A three-part theoretical framework to explain undergraduates’ perceptions of barriers to employment in primary teaching in the UK
A three-part theoretical framework to
explain undergraduates’ perceptions
of barriers to employment in primary
teaching in the UK
Sheffield Hallam University
The study focus
• Small-scale qualitative investigation into
undergraduates’ perceptions of possible barriers
to obtaining employment within primary
teaching in the UK.
• The barriers focused upon related to accent and
• The study also examined the students’ sense of
(in)justice in relation to perceived barriers.
Origins of study
• Between October 2010 and January 2011 a small-
scale investigation conducted into undergraduates’
perceptions of barriers to employment within three
different professional areas.
• Results published in Journal of Education and
Work in 2014.
• Barriers engendered a strong sense of injustice.
• Follow-up study to focus on barriers to primary
teaching conducted October 2012—February 2013.
Three-part theoretical framework
1. Bourdieu—habitus, capital and field.
2. Sayer’s (2005) discussion of lay normativity.
3. Fraser’s theory of two-dimensional social
• Andrew Sayer (2005) The Moral Significance of
• Our sense of what is good or bad and how we
expect to be treated.
• May be inconsistent or incoherent.
• But forms the rationale for individuals’
commitments and identities.
The Bourdieusian schema
• The habitus--an individual’s set of dispositions
by which they navigate their way through the
• The field--social space as a competitive
structured social relation.
• Positions are determined by the types of
resources, or ‘capital’, that individuals can bring
to the field: economic; cultural; social.
• Conversion of capital: economic -cultural
• Bourdieu shows the inter-relationship between
different forms of capital.
• Thus, social differentiation lies along several
• Accent may be understood as one axis of
differentiation among others.
• Despite relative decline of RP, still considerable
research evidence to show that certain English
regional accents, and many Scottish and Welsh,
seen as less prestigious (Snell, 2013).
How can Bourdieu help?
• Approach to language applies and develops the
trio of concepts that underpin the wider theory
• Linguistic utterances are products of a relation
between an individual’s ‘linguistic habitus’ and
• Linguistic habitus is a deeply embodied sub-set
of the dispositions of an individual’s habitus.
• Accent is the result of a certain mode of moving
the tongue or lips—’articulatory style’.
A sense of place
• Linguistic utterances are always produced in
particular contexts or fields.
• Properties of these fields will endow linguistic
products with a certain ‘value’.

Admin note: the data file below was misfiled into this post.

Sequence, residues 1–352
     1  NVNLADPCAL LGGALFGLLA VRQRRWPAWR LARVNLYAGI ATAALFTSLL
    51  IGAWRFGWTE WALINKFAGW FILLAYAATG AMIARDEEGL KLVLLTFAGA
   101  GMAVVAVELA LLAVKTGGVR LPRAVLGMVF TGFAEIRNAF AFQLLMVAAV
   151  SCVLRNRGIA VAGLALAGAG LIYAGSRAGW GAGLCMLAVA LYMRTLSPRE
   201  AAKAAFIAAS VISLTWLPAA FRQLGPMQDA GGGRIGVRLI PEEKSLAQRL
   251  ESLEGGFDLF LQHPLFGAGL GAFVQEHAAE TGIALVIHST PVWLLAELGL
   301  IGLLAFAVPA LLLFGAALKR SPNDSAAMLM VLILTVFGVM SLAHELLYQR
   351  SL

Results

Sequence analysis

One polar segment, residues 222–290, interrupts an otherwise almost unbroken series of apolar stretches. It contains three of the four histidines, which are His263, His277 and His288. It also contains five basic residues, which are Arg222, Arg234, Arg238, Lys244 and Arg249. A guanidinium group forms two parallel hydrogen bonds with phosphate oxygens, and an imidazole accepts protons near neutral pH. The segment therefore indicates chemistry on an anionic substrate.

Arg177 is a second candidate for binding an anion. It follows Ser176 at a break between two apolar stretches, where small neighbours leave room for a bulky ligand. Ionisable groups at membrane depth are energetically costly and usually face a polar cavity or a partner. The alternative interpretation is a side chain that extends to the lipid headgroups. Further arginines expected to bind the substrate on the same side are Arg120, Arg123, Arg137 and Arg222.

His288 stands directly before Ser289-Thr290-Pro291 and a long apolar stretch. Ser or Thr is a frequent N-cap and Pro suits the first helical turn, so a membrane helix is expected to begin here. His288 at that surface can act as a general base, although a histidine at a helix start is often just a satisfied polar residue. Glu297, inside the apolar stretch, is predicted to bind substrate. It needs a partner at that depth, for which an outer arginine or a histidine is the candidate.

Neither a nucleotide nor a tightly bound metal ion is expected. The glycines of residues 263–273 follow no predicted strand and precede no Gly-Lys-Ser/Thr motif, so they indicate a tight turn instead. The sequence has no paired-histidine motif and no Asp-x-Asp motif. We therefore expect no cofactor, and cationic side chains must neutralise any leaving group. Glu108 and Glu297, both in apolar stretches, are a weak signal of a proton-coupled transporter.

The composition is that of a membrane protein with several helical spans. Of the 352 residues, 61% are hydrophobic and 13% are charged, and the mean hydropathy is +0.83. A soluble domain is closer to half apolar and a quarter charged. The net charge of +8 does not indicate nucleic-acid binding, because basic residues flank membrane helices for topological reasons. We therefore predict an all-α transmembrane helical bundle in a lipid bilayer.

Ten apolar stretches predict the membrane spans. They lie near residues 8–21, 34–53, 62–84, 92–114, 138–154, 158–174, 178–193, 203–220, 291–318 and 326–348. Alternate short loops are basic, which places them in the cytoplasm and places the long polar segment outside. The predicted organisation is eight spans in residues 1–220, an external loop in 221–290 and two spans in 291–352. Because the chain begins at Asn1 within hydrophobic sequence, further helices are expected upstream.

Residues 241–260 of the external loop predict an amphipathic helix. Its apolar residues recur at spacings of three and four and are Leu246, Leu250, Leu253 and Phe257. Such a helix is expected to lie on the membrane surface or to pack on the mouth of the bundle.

• Through linguistic habitus, individuals develop a
degree of anticipation of the value of their
linguistic utterances within different fields, e.g.
the labour market/s.
• This linguistic ‘sense of place’ is a practical
Linguistic, symbolic and material
• Capacity to produce linguistic utterances that are
highly valued across different fields is one that is
unevenly distributed across society.
• In other words, different speakers possess different
quantities of ‘linguistic capital’.
• As Thompson (1991: 18) observes, linguistic capital
often maps onto other forms of capital.
• In general, the greater the linguistic capital that an
individual has, the more they are able to secure
symbolic and material profits from the field.
The need for critical normativity
• Bourdieu offers a sophisticated theoretical
framework through which to conceptualise the
• However, as Thompson (1991: 31) notes,
although Bourdieu’s work offers real critical
potential, it is above all a sociological theory, not
a normative political theory.
• Nancy Fraser, a leading American social theorist
and socialist feminist.
• Class, 'race' and gender as bi-valent categories
along a cultural-material conceptual spectrum.
• 'Race' and gender in the middle of the spectrum.
• Redistribution and recognition remedies--pull in
• How to bridge the gap?
• All social practices are to be considered
simultaneously economic and cultural (although
not always in equal measure).
• Redistribution and recognition are two
perspectives to view the economic dimensions of
what are normally considered cultural processes
• A normative theory of justice, requiring (a) legal
equality; (b) distribution of resources and (c)
‘intersubjective equality’ (Fraser, 1999: 137).
Fraser and Bourdieu
• Outcome is a ‘dual systems’ (Anthias, 2005)
approach to economy and culture.
• Bourdieusian framework: economic capital and the
various forms of cultural capital are analytically
separable but entwined in concrete circumstances.
• Study concerned with factors perceived to affect
access to employment (= distribution justice;
• Accent and gender are products of cultural status
order of society, or what Bourdieu terms cultural
• Case-study institution is a post-1992 university
in South Wales, recruiting principally from
within the South Wales area.
• Third year cohort of the BA (Hons) in Education
• 2012—13: 147 students, of whom 122 (83%) were
female and 25 (17%) were male.
• Seven focus groups between 6 October 2012 and
21 February 2013: 34 females and 7 males.
Accents: fear of prejudice
• Melanie: I know it sounds really bad but I think a
lot of Welsh are labelled as sometimes ‘thick’ maybe
‘cos of their accents and things in the media and
stuff and I think that maybe they might judge me
because of my accent and that I’m not as clever as
someone from Oxford who can pronounce their
words properly and speak properly.
• Jade: I think if someone from Oxford was sitting
next to you or someone who’s well-spoken and
you’re talking with a Welsh twang like we are, I
think it would jeopardize [employment
opportunities]. (Focus Group Seven)
A linguistic sense of place
• Focus groups facilitated group reflection upon
the dispositions of a collective linguistic habitus.
• Students were reflecting upon their ‘linguistic
sense of place’ (Bourdieu, 1991: 82).
• Students were exercising a practical sense of
anticipation with regard to the likely value
accorded to their linguistic utterances within the
wider field of primary teaching employment
A sense of injustice
• Kim: They could have the same ability as someone who
speaks la-di-da anyway